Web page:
Bang for Your Buck
New York City may be brimming with Michelin stars, “world’s best” pizza spots, and bagels worth the hour-long wait, but who can actually afford to eat there? For every dollar Americans spend on food, about 33 cents goes towards eating out, so it pays big to live in a city with affordable restaurants, groceries, and drinks. That’s what WalletHub set out to measure with its annual study of the best and cheapest cities to be a foodie.
The financial website compared the 150 largest cities in the country across key metrics in two categories: affordability and accessibility, diversity, and quality. Not surprisingly, NYC didn’t fare well in the affordability category, but lucky for us — and our wallets — Austin did.
Overall, Austin ranks No. 18 on the list of best cities for foodies, with a top ranking in the affordability category and a good showing for accessibility, diversity, and quality. WalletHub calculated the affordability score by comparing the cost of groceries, beer, wine, restaurants, and food sales and restaurant taxes for each city. Austin is the second most affordable city to be a foodie, topped only by our neighbor Houston. San Antonio is eighth, making Texas the most represented state in the top 10.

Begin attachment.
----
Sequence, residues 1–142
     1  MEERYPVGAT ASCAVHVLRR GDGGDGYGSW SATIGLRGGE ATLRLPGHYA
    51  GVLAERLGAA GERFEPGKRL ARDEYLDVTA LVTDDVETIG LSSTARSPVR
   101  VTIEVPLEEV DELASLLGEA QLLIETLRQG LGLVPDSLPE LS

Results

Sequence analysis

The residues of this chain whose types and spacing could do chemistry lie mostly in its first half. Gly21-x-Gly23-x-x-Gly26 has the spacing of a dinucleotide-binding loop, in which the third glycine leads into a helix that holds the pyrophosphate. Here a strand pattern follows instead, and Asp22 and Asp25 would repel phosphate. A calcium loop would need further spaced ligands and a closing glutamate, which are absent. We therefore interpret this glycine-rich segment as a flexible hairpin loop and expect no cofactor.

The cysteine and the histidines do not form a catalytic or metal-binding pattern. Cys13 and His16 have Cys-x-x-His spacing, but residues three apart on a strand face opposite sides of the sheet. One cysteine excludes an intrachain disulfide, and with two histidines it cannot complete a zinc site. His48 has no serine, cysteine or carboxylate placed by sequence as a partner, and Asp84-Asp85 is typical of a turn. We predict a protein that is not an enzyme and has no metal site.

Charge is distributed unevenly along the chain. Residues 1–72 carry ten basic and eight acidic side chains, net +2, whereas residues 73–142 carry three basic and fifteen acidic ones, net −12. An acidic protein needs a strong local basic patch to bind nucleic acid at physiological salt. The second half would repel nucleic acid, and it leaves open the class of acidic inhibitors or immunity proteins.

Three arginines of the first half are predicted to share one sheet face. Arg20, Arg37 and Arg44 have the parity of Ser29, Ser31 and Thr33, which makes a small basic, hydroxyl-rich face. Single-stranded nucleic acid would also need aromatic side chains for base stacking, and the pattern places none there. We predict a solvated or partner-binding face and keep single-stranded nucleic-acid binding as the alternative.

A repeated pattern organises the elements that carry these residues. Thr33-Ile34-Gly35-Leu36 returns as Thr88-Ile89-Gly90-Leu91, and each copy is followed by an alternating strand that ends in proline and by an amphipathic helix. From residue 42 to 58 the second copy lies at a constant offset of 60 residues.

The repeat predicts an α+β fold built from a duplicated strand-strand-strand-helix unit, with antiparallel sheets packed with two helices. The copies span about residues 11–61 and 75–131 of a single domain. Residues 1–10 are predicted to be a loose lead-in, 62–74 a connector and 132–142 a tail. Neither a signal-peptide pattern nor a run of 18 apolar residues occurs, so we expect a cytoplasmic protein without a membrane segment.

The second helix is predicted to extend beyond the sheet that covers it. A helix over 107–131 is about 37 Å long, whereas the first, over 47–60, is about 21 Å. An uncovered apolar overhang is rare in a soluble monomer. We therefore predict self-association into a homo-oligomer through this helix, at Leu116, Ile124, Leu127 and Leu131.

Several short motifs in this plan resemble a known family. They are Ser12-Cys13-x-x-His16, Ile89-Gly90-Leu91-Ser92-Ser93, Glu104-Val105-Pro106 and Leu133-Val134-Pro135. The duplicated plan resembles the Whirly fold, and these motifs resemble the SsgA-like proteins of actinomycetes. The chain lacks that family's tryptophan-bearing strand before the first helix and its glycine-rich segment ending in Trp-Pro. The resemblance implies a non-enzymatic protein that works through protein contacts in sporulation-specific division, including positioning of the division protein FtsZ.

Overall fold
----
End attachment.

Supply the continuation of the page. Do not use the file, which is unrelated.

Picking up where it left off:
Austin boasts the most affordable and accessible high-quality restaurants, the lowest food tax, and the lowest restaurant tax. We also live in the cheapest state to buy groceries, with four of the top five cities in Texas. Austin has the fifth lowest cost of groceries, behind Laredo; Brownsville; San Antonio; and Knoxville, Tennessee. Honolulu, on the other hand, has the most expensive groceries in the country, double the cost of Laredo.
Austin ranks 29th for diversity, accessibility, and quality of food. That grade was based on metrics like the number of healthy food options, food trucks, farmers markets, and breweries and restaurants per capita, as well as the diversity of restaurants. While we rank 46th for coffee shops per capita, we take first place for the highest number of food trucks per 100,000 residents. And we consider that a delicious win.